The fact that I’m a grand-uncle to an 18-month old makes me feel quite old! I’m really not that old, am I?!
As mentioned in my previous post, until a few years ago I didn’t think we’d be adopting, so I never expected that anybody would care about my experiences with children. I’d always thought that I’d just learn ‘on the job,’ so to speak. Anyway, on Mother’s day our family met at my sister’s house for Sunday lunch, so while everybody was finishing their meal and chatting, I excused myself and sat with my grand-niece while she played nearby.
At first I just watched her playing with a toy school bus and a stuffed dog. It was cute to see the attention she put in to carefully opening and closing the door of the bus each time she moved the stuffed dog on or off. The fact that the bus had no roof and the dog would have been way too big to fit though the door seemed to be of no consequence to her whatsoever.
Next she climbed inside her Little Tikes car. Rather than dashing about, she glanced around for a while, looking a little confused. I remembered seeing her in her car earlier; she had made a big play of turning the key before setting off. I wondered if she was looking for the key, so I helped her search. I found the key on a little chair at my feet. I called to her and showed her that I’d found it. She lent though the ‘windshield’ of her car, with her hand reaching out expectantly. I too lent over with my arm stretched and handed her the key. She sat back in the seat and pretended to turn the key in the ignition before setting off around the room.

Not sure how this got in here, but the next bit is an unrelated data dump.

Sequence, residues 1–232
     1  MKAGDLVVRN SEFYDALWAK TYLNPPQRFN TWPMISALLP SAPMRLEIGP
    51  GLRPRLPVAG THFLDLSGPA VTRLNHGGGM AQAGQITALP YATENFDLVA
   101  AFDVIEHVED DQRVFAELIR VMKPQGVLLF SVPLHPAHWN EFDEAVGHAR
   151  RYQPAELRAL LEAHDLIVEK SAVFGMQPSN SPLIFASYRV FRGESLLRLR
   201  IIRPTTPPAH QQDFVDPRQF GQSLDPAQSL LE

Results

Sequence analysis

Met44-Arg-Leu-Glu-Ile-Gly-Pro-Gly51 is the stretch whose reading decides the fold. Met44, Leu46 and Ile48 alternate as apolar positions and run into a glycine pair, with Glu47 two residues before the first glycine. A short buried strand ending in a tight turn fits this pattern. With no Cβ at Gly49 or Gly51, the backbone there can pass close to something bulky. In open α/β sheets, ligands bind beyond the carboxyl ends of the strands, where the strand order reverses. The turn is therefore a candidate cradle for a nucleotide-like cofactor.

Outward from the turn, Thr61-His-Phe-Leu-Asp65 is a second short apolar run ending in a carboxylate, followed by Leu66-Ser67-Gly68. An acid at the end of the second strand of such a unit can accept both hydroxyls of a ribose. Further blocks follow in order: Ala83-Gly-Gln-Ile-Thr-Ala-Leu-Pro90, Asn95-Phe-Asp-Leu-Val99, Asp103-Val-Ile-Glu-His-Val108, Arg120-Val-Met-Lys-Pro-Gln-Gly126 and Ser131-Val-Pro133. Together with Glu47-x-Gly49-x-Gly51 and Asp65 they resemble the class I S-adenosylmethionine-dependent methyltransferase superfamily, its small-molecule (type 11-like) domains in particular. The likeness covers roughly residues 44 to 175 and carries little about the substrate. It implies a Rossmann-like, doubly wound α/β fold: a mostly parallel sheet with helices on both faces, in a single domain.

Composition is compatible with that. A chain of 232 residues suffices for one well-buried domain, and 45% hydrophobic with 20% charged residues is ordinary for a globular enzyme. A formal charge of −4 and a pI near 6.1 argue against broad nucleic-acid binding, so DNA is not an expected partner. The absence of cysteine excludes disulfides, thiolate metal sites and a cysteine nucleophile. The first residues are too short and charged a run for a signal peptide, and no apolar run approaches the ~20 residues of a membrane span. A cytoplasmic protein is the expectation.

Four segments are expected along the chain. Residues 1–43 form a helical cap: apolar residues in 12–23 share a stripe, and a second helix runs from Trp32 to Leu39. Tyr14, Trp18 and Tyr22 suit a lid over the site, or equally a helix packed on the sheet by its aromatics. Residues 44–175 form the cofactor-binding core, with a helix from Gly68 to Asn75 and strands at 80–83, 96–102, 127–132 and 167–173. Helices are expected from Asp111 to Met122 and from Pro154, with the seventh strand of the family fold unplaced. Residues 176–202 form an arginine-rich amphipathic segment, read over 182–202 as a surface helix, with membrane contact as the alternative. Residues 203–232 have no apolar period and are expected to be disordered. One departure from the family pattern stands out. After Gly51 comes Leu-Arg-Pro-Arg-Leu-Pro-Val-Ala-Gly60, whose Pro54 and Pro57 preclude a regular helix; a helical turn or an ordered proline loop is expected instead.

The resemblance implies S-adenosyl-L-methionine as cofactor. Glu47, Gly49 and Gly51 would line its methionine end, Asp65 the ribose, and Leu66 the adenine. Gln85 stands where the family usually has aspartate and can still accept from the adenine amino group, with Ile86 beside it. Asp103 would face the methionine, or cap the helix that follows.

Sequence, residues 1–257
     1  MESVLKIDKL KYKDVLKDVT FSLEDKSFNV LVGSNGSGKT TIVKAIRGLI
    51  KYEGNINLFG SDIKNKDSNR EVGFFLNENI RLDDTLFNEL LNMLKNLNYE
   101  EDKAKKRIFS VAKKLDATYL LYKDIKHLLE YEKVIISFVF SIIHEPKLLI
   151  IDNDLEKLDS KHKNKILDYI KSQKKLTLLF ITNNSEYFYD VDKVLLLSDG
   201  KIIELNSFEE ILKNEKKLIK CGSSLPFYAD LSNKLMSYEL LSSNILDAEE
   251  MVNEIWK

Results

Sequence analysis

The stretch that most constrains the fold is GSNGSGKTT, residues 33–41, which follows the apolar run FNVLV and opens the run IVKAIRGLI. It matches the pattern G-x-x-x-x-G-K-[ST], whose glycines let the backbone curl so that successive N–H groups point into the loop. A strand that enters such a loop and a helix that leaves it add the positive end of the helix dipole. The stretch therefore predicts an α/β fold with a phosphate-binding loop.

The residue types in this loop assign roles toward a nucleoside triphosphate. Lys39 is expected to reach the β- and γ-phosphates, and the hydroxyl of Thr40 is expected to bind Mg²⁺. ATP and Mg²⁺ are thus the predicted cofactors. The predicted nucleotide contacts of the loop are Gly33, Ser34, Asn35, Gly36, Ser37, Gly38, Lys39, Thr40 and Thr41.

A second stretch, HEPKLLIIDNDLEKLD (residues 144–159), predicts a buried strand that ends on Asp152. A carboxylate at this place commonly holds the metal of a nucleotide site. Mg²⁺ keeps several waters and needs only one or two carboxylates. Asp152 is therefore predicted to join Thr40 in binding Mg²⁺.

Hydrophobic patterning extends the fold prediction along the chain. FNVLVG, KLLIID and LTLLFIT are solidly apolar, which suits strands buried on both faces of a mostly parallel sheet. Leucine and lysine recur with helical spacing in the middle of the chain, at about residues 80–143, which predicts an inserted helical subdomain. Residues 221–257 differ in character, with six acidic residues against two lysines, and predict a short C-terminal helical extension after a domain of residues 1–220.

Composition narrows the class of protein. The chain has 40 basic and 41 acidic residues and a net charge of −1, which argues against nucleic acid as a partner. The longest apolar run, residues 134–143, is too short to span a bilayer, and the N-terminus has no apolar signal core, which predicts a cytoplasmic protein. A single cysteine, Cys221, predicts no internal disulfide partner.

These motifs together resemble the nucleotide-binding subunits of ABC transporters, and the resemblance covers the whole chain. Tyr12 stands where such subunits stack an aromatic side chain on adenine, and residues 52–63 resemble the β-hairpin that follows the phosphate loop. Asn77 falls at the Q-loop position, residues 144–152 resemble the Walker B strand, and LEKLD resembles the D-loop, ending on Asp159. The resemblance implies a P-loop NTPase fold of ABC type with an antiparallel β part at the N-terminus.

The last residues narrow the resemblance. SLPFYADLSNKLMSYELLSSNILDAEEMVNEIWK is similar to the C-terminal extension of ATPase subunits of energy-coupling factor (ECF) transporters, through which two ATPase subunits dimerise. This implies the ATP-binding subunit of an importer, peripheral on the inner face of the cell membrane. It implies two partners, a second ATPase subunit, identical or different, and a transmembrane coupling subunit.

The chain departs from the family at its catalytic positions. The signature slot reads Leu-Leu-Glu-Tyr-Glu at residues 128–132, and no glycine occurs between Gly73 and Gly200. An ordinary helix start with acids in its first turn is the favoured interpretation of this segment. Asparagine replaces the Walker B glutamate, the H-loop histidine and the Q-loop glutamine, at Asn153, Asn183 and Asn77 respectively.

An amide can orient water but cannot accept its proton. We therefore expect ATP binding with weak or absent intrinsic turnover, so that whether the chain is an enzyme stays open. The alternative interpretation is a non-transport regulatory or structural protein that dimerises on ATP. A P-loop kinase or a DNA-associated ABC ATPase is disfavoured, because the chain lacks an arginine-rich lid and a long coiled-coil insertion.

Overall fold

By now the family was returning from the meal and sitting in the lounge. My grand-niece parked her car and toddled over to me with an In the Night Garden book. I asked her if she could point out the Tombliboos to me (which she did). When hand-stitched mum asked her if she would would like me to read to her, she shook her head and plonked the book down on the sofa.
I looked around and found one of those shape sorter plastic ball things – you know the ones – where you have you find the right shape to fit each hole. At first I was at a loss as to how to extract the shapes from the center of the ball; however, my nephew came to my aid and showed me how. Then my grand-niece picked up a shape and seemingly randomly tried to stuff it in to every hole.
To try and make it easier for her, I slowly rotated the ball, presented one side to her, and asked if she thought the shape would fit. After a short struggle, I’d announce that I didn’t think the block would fit and rotated the ball to show the next opening. When the shape finally popped though the correct hole, I gave a big cheer and a broad smile formed across her face. This cheering seemed to give her no end of encouragement and we hunted for the next match together.
By this time pretty much everybody in the room was watching. Much to her excitement, the next matches resulted in louder and louder cheers. Sadly however after a while, conversation had taken over in the room. As such when another block fell in to place, my grand-niece paused for the cheers, but none came. “Uh-oh,” I announced loudly, “didn’t anybody see what you did?!” A cheer arose from the room, a smile returned, a little body relaxed and the play continued.